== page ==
Posts Tagged ‘Death’
My house is one of heartache
A place of steel and stone
A barren cell, a home in hell
And here I stand, alone
And when I rage and pace my cage
That no man wants to own
My body aches with frozen stakes
That chill me to the bone
I hear them sling their giant keys
And crank the iron locks
The scrape of feet upon concrete
The guards patrol the blocks
Convicts’ knives take human lives
No jungle holds more danger
And each new day that comes my way
Each man remains a stranger
I watch my back ’cause there’s a lack
Of men who can be trusted
And through the haze there comes a rage
Toward the rat that got me busted.
They came today and took away
The man that lived next door
To end his strife, he took his life
He couldn’t take no more.
It’s quiet here upon the tier
Since Death has claimed a brother
Now each of us are wondering:
Who might be another?
by BRIAN JOHNSEN, #300907, 1115 H. St. Modesto, CA 95354
A released autopsy revealed new information in the death of an Arizona inmate.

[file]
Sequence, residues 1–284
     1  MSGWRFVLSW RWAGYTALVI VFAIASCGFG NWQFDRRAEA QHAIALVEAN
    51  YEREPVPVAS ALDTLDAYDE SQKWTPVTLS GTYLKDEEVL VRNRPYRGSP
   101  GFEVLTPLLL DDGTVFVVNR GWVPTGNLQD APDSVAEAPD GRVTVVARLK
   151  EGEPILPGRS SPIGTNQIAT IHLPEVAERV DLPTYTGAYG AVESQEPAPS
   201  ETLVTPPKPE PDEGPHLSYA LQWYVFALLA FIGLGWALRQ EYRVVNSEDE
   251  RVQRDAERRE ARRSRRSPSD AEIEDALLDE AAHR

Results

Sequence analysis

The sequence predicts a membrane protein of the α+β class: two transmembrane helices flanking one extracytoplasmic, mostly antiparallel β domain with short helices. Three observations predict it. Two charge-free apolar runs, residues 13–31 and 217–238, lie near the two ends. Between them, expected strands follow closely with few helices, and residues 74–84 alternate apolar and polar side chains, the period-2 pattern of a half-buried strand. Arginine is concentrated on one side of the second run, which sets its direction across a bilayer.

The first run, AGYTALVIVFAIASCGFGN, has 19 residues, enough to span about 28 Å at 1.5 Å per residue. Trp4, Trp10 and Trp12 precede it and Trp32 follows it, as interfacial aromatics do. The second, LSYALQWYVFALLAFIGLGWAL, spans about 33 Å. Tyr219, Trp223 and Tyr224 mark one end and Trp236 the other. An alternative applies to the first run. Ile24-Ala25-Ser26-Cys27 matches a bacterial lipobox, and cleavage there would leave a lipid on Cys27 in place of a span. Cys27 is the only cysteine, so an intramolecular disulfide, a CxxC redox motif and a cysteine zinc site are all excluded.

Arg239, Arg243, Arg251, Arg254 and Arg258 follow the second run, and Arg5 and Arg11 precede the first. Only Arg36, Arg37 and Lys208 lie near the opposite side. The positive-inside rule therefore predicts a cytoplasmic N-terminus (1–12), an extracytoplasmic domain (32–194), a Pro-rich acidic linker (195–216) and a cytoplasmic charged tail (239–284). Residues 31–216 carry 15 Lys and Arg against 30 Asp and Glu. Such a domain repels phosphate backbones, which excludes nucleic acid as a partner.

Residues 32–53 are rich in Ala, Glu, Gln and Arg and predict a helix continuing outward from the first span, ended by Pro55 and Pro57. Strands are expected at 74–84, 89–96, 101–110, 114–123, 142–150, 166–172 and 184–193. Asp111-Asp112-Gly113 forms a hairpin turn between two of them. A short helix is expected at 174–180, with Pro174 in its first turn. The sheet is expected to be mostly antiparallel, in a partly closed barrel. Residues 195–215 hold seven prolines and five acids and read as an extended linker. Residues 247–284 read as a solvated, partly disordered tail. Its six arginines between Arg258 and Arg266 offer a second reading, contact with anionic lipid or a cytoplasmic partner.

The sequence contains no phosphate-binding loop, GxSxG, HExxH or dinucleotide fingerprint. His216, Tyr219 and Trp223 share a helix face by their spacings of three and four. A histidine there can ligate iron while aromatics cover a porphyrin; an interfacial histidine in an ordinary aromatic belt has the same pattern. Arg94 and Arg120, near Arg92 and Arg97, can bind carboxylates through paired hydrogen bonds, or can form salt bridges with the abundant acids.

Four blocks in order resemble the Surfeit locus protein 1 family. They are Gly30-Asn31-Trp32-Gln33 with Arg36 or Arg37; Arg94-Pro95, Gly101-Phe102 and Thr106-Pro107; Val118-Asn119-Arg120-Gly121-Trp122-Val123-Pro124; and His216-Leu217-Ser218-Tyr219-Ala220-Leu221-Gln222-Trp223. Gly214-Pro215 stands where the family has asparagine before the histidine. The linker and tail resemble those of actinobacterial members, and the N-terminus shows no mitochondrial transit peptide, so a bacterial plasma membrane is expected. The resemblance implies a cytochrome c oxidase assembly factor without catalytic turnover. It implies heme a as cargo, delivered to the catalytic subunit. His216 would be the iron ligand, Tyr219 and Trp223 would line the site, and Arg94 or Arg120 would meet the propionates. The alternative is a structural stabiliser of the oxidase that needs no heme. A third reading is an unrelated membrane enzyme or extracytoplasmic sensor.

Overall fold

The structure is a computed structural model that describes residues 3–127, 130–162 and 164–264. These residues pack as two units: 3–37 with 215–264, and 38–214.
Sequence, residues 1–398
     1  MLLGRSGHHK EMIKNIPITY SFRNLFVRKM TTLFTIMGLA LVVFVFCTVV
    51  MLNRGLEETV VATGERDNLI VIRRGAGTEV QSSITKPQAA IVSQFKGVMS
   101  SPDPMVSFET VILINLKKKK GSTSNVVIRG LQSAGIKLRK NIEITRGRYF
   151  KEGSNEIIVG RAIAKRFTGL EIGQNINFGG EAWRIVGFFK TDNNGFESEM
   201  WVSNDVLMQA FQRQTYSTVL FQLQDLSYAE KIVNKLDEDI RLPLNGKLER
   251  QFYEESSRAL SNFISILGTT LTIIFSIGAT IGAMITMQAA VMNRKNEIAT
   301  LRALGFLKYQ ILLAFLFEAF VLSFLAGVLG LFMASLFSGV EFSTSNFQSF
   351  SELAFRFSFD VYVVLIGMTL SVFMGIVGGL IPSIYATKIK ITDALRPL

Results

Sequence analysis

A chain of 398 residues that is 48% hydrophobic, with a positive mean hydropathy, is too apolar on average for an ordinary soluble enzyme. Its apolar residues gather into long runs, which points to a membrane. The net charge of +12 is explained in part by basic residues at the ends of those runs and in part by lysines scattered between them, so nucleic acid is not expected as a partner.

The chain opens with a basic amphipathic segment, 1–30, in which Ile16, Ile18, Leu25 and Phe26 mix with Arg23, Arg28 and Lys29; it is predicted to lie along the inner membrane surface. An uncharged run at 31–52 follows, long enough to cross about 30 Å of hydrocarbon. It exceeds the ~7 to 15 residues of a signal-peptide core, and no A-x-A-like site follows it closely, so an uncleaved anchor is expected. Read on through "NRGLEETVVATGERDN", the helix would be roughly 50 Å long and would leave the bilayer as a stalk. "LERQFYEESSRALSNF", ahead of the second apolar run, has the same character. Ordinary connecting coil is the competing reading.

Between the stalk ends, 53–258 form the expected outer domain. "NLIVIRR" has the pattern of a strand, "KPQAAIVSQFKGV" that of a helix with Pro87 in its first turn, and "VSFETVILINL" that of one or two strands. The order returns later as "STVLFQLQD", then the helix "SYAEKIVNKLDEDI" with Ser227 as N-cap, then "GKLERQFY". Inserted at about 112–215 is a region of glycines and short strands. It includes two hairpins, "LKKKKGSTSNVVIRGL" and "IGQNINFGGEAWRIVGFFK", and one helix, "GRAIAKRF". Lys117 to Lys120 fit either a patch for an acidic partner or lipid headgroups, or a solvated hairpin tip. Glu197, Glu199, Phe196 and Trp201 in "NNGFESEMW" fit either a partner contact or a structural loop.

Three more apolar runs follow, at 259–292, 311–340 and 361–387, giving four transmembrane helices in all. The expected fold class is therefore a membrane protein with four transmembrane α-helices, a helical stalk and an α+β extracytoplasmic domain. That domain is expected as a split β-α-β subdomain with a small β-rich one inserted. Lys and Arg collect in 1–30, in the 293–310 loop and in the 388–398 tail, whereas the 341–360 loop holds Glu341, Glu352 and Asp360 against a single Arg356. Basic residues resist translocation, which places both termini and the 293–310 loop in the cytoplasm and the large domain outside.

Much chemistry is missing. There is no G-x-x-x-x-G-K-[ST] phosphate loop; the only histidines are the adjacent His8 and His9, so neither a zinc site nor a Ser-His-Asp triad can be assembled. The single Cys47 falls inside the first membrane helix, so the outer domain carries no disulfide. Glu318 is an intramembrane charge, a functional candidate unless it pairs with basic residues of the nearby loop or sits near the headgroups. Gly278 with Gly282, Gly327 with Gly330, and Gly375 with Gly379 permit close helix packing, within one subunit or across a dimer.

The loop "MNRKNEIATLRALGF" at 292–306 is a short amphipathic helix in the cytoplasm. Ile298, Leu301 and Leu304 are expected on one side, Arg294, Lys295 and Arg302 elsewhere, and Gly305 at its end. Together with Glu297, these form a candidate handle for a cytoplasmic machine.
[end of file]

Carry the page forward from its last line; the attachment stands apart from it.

Marcia Powell, 48, died last May in a hospital after collapsing in an outdoor holding cell at the Perryville prison in Goodyear, Arizona. The recently released autopsy found that her core body temperature was 108 degrees and that there were numerous first- and second- degree burns on her face.
Powell was on anti-psychotic drugs at the time of her death, which are known to cause heat related illnesses. The ongoing investigation focuses on whether or not Powell’s death was negligent homicide or an accident.
A two part special that talks about the life of prison inmates who live in prison with no chance of parole. It highlights the life and death of the inmates who spent more time in prison than in the outside world.
What if you knew the moment you were going to die?
THE FARM: 10 DOWN
Premieres on The National Geographic Channel Tuesday, June 16th
as “A DECADE BEHIND BARS: RETURN TO THE FARM” @ 8PM Eastern/Pacific
This morning I read that Douglas Dennis, died from a heart attack suffered while serving out his life sentence in Angola for a murder that took place in the 1950’s. I only knew him by his nickname Swede.
Swede was the most intriguing man in that place. Sarcastic, bitter, but funny and brilliant. I used to bring him New Yorker Magazines which he loved and we’d talk about almost any topic imaginable as though he had been everywhere and thought of everything. No doubt about it, Swede was the smartest person in Angola and a good storyteller.